Updating S3 Object Metadata With the AWS Ruby SDK v2

Today I brought down a website by playing with fire and AWS S3. I did research, tested my code thoroughly, and then pressed the enter key. Shortly after, my heart dropped as quickly as the site went down. I decided to write a quick blog post to possibly prevent this mistake from happening to someone else.

S3 is not a database

It is not possible to “update” an object in S3 – it simply does not have an update method. This is true for both the Ruby SDK and the AWS CLI. If, like me, you’re looking to update an entire bucket of objects with some new metadata (like Cache-Control headers, for instance), you’ll need to use the copy_to method.

Let’s start by authenticating and grabbing our bucket.

require 'aws-sdk'

Aws.config.update({
  region: 'us-east-1',
  credentials: Aws::Credentials.new(<AWS_ACCESS_KEY>, <AWS_SECRET_KEY>)
})
s3 = Aws::S3::Resource.new
bucket = s3.bucket('mattboldt-bucket')

Now we can loop through each object and copy it to itself with some new metadata. Notice we’re using the option metadata_directive: 'REPLACE' – this will replace the object’s metadata with our new metadata. Without this, it won’t copy anything new, and you’ll probably get an error message such as the following:

This copy request is illegal because it is trying to copy an object to itself without changing the object's metadata, storage class, website redirect location or encryption attributes

However, replacing the metadata here will also replace everything else about the object, such as its permissions. Do not run the following code.

# the WRONG way
bucket.objects.each do |object_summary|
  location = "#{bucket.name}/#{object_summary.key}"
  options = {
    cache_control: 'public, max-age=60',
    metadata_directive: 'REPLACE' # options: 'COPY' or 'REPLACE'
  }
  object_summary.copy_to(location, options)
end

Here’s where I screwed up. All the S3 objects I just updated lost their read permissions, and the CDN could no longer access these once public assets. Right now it sounds like a pretty stupid mistake, but at the time I had no idea what had gone wrong.

Updating / copying objects and retaining their existing data

Let’s try again; and this time we’ll be sure to include all the object’s current attributes with the new request. Here’s a list (as of March of 2017) of the possible options passed to the copy_to method:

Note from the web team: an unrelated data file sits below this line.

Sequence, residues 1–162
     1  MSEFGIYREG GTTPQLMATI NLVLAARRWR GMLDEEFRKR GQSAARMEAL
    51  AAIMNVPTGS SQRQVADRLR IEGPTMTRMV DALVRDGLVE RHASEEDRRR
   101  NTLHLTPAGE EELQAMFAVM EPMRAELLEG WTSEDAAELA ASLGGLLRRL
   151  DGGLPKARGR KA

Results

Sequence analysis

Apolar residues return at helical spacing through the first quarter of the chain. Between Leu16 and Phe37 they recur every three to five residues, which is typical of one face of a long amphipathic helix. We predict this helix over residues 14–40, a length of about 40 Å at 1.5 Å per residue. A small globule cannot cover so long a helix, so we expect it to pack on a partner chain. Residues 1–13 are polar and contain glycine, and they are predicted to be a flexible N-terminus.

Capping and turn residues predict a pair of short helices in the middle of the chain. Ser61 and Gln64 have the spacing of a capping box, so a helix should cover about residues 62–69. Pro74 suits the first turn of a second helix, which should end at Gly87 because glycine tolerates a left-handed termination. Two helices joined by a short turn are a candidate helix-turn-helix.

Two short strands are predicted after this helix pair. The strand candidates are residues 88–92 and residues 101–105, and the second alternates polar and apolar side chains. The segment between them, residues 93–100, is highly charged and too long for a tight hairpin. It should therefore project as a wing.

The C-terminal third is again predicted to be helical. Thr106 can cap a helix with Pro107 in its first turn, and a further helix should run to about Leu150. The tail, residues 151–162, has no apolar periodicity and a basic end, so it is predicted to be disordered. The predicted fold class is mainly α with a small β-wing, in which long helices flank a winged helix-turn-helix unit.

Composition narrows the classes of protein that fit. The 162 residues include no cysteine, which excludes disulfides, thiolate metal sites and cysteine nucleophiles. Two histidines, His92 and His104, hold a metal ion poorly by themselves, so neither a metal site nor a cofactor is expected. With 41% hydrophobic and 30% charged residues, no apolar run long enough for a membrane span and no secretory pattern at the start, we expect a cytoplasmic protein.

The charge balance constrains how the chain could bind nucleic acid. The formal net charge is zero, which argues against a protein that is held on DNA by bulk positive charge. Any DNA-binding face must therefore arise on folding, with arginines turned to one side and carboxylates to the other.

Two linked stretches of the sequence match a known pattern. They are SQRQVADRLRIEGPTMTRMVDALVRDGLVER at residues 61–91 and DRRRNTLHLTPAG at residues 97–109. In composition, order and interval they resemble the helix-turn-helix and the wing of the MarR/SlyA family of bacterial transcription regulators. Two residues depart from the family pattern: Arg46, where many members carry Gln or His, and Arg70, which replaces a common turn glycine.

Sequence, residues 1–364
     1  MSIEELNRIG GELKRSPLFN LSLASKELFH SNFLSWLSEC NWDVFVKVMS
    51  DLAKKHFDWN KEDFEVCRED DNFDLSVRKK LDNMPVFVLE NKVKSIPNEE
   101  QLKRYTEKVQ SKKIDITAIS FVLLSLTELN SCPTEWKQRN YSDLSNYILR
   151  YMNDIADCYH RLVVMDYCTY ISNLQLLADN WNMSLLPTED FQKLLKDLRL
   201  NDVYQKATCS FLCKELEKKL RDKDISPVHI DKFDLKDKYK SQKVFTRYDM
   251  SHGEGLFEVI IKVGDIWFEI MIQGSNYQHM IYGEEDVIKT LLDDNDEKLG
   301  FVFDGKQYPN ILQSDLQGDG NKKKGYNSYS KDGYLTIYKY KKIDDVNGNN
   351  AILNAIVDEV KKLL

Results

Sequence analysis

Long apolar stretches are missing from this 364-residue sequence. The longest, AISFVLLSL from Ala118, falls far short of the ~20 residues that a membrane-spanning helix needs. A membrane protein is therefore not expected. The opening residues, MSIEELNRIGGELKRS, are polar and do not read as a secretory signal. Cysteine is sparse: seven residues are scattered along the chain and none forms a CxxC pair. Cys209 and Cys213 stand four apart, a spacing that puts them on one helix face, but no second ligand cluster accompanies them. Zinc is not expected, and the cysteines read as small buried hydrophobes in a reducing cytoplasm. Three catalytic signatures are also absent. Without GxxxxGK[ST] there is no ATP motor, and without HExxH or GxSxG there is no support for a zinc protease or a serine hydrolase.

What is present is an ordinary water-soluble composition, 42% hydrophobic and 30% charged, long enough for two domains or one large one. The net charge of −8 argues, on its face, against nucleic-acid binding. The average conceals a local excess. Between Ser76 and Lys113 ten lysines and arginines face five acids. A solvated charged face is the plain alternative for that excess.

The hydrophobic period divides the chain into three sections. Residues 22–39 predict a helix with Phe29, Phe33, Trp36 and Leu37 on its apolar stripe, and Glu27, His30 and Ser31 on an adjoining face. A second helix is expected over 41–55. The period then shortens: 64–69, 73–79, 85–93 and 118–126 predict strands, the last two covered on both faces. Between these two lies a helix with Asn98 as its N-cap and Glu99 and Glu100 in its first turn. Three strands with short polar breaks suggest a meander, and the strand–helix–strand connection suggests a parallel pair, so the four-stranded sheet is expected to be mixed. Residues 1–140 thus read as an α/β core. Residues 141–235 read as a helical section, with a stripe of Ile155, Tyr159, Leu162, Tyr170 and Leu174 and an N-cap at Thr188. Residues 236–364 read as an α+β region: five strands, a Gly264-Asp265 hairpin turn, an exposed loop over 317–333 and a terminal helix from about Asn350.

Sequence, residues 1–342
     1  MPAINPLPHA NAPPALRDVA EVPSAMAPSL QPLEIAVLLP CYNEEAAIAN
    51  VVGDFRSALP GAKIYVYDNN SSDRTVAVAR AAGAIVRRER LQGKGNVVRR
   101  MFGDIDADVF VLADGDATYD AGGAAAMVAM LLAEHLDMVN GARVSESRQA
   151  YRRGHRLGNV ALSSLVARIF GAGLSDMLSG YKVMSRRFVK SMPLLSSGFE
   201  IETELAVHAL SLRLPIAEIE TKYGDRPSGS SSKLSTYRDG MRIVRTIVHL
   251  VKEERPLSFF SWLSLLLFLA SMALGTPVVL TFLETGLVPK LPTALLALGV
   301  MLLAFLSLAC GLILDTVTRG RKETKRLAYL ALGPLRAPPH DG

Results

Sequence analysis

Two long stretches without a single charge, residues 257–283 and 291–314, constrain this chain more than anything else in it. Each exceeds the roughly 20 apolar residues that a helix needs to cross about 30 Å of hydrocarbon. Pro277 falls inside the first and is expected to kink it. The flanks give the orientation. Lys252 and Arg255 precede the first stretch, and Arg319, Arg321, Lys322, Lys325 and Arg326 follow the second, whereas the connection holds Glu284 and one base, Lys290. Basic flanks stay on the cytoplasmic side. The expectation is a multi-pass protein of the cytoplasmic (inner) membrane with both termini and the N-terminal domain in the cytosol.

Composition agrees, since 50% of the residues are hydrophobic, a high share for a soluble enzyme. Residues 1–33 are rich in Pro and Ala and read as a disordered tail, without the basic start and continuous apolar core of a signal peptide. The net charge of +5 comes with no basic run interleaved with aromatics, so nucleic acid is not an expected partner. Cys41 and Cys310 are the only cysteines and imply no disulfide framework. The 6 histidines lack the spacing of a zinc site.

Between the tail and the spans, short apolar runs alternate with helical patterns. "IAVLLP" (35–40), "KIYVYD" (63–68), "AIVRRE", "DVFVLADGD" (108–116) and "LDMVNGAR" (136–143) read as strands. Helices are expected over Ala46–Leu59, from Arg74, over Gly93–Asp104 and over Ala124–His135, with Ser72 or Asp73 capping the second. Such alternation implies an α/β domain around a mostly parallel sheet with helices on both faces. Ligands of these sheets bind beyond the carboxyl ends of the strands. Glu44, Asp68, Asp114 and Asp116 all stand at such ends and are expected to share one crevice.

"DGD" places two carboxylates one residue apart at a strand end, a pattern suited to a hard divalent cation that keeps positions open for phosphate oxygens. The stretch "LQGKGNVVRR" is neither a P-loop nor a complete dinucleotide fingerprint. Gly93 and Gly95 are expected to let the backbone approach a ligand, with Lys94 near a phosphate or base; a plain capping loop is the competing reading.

COPY_TO_OPTIONS = [:multipart_copy, :content_length, :copy_source_client, :copy_source_region, :acl, :cache_control, :content_disposition, :content_encoding, :content_language, :content_type, :copy_source_if_match, :copy_source_if_modified_since, :copy_source_if_none_match, :copy_source_if_unmodified_since, :expires, :grant_full_control, :grant_read, :grant_read_acp, :grant_write_acp, :metadata, :metadata_directive, :tagging_directive, :server_side_encryption, :storage_class, :website_redirect_location, :sse_customer_algorithm, :sse_customer_key, :sse_customer_key_md5, :ssekms_key_id, :copy_source_sse_customer_algorithm, :copy_source_sse_customer_key, :copy_source_sse_customer_key_md5, :request_payer, :tagging, :use_accelerate_endpoint]

Armed with this list, let’s grab all the existing data and merge it into our new options hash. I only want to add valid options, not everything that gets returned from the get method, so I’m running an Array#slice against the above list.

Also notice that I’m using object_summary.get below – this is because the object summary does not contain the metadata, permissions, etc, of the file. This creates some extra overhead, but I’m not sure of any other way at the moment.

bucket.objects.each do |object_summary|
  object = object_summary.get
  location = "#{bucket.name}/#{object_summary.key}"

  # Build a new options object
  options = {}
 
  # Merge in the object's existing properties
  existing_options = object.to_h.slice(*COPY_TO_OPTIONS)
  options.merge!(existing_options)

  # Add our new updates
  # The `acl` option here was very important in my case!
  options.merge!({
    acl: 'public-read', # private, public-read, public-read-write, authenticated-read, aws-exec-read, bucket-owner-read, bucket-owner-full-control
    cache_control: 'public, max-age=60',
    metadata_directive: 'REPLACE'
  })
  
  # multipart_copy is necessary if the object is 5GB+
  if object.size >= 5_000_000_000
    options.merge!({multipart_copy: true})
  else
    # Only used if multipart_copy is true
    options.delete(:content_length)
  end
  
  # Execute the copy!
  object_summary.copy_to(location, options)

end

If the size of your bucket is large, this will take some time. However, know that the copy_to method sends a copy request to S3 and is not uploading anything from your local machine. So even if you were copying to a new location (which we are not; the file body and key are staying the same), you wouldn’t be re-uploading files.

Here’s a gist of the full code:

Fin

If you found this helpful, feel free to tweet me @atMattb. Thanks for reading!